Thursday, Aug 25, 2016
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Editorials

Time for Jefferson to go

U.S. REP. William Jefferson, a Democrat from New Orleans, should perform one last service for his constituents and resign from Congress. His district remains mostly a vast wasteland since it was struck by hurricanes Katrina and Rita almost two years ago.

The indicted congressman's legal problems are bound to make it harder for him to do anything for his crippled city, and residents there desperately need an effective, full-time representative.

The federal charges returned against Mr. Jefferson Monday are a dark cloud over the congressman. The indictment claims he received more than $500,000 in bribes and sought far more in schemes to pad his own pockets by using his office to broker business deals.

Of course he is innocent until proven guilty. However, this is the same man who investigators discovered had stuffed $90,000 in cash in his freezer. Court records say the authorities claim Mr. Jefferson was videotaped accepting a $100,000 bribe in cash from an FBI informant.

You don't have to be a high-priced lawyer to realize that things don't look good. If he should be vindicated by the legal system, he could always come back and run again. But this isn't about him; it's about the needs of those he was elected to represent. And they don't need to be represented by a congressman preoccupied with staying out of jail.

Mr. Jefferson has his work cut out for him. A federal grand jury returned a 16-count indictment that included racketeering, conspiracy, money laundering, and obstruction of justice.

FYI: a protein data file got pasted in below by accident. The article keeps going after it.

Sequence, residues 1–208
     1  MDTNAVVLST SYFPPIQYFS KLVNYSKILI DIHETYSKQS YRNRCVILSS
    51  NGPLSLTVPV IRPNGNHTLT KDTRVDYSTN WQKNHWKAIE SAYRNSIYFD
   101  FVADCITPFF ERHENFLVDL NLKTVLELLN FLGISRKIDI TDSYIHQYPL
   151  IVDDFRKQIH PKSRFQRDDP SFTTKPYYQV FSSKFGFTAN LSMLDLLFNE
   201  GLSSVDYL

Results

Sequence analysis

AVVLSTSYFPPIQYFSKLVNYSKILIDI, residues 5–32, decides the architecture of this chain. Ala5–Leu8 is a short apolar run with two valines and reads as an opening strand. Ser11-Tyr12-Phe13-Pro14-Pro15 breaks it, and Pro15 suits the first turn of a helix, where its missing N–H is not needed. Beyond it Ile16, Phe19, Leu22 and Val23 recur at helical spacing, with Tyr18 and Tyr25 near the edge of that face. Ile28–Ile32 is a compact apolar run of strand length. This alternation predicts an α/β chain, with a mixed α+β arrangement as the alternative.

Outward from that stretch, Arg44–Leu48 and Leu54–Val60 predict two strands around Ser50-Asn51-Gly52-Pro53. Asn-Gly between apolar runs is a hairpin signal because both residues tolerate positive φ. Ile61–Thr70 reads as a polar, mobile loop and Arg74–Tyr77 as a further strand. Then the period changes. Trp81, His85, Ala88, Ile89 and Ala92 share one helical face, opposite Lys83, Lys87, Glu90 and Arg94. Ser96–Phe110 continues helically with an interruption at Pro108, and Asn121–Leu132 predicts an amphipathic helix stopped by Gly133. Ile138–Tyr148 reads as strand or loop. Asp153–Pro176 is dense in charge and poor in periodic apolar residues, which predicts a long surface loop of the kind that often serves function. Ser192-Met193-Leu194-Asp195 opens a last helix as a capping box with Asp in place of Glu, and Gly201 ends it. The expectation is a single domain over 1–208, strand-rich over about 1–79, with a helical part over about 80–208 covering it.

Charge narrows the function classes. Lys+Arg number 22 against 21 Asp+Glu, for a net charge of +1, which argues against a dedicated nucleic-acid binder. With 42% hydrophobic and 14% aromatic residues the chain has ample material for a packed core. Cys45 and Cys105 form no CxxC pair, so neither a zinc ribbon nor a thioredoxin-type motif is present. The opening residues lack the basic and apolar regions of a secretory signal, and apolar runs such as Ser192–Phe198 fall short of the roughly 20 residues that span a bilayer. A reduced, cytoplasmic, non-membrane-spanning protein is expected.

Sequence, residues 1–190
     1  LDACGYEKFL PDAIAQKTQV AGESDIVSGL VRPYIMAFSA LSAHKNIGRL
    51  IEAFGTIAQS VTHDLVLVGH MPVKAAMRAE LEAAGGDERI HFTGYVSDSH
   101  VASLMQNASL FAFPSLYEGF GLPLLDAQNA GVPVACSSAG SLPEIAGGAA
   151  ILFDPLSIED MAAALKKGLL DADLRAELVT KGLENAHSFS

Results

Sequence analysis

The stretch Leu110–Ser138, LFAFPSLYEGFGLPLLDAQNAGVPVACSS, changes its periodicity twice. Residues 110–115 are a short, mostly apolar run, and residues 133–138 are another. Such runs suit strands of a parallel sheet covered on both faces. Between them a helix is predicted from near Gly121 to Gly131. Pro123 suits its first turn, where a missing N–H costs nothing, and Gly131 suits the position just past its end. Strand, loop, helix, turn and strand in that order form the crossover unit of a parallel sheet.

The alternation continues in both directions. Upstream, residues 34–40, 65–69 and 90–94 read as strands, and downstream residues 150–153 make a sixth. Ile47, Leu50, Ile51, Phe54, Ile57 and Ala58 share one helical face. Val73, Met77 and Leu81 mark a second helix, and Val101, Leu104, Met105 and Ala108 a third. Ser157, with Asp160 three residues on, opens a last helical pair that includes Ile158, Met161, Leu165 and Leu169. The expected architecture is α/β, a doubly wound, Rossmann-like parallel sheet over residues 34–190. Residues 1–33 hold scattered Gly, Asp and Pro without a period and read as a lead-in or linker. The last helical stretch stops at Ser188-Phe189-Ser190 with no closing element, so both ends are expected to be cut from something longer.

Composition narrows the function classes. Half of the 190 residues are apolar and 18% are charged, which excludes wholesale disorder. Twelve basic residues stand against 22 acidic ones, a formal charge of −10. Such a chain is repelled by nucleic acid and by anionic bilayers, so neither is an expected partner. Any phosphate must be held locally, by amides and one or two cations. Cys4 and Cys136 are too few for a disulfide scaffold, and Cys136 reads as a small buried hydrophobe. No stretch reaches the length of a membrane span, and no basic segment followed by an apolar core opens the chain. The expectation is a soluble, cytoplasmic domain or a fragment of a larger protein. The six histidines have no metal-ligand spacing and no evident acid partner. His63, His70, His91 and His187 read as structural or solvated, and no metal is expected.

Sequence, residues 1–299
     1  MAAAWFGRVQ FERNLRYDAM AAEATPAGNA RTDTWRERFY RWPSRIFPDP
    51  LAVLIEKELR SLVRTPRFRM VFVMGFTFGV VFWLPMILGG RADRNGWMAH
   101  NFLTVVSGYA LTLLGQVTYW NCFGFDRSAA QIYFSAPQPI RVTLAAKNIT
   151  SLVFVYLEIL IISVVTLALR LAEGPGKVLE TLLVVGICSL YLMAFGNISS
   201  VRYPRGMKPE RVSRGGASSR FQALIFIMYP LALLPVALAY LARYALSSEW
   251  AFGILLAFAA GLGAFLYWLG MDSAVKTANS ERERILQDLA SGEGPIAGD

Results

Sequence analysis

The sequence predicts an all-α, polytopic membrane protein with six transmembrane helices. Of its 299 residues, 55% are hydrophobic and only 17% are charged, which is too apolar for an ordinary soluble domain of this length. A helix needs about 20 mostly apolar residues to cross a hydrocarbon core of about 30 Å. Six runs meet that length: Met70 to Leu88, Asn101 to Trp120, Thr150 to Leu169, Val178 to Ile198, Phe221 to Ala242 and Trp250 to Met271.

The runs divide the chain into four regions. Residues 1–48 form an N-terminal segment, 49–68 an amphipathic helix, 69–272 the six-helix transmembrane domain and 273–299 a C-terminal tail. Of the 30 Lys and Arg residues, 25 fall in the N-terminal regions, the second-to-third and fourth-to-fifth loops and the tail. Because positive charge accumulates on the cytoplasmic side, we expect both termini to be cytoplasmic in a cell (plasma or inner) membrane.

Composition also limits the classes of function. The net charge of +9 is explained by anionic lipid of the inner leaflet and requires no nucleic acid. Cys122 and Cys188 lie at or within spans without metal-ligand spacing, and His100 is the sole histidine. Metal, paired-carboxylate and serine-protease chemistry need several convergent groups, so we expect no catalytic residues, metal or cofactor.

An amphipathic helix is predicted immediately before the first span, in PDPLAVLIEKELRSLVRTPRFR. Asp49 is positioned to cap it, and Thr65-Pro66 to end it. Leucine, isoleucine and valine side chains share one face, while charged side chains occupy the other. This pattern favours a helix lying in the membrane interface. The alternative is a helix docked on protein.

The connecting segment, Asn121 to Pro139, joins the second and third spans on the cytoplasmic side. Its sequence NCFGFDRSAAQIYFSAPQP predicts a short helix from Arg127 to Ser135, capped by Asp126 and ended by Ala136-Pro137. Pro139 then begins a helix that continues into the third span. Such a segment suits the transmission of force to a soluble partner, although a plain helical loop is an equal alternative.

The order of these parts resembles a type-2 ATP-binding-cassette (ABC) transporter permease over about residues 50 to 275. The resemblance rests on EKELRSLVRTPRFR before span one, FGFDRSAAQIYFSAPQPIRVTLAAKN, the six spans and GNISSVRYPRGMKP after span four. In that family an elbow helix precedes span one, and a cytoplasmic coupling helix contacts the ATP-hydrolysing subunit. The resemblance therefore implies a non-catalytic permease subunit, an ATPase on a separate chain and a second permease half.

As Ohioan and House ethics committee chairman Stephanie Tubbs Jones (D., Cleveland) said, "allegations such as these are extremely serious." Her committee is conducting an investigation, but others in Congress aren't waiting for the result; they want him out now.

In fact, House Democrats eager to see him go had planned to strip him of the last committee position he held. But that became moot when Mr. Jefferson resigned on his own on Tuesday from the Small Business Committee, "in light of recent developments in a legal matter," as he stated in a letter to House Speaker Nancy Pelosi.

A congressman since 1991, Mr. Jefferson's political career is stained. His legal problems are an unfortunate mark against the first black congressman from Louisiana since the end of Reconstruction, an achievement that brought with it high expectations and standards of conduct.

Now, for the sake of his constituents, and for the sake of a congressional district with enough problems dealing with the federal government, he should voluntarily step down.

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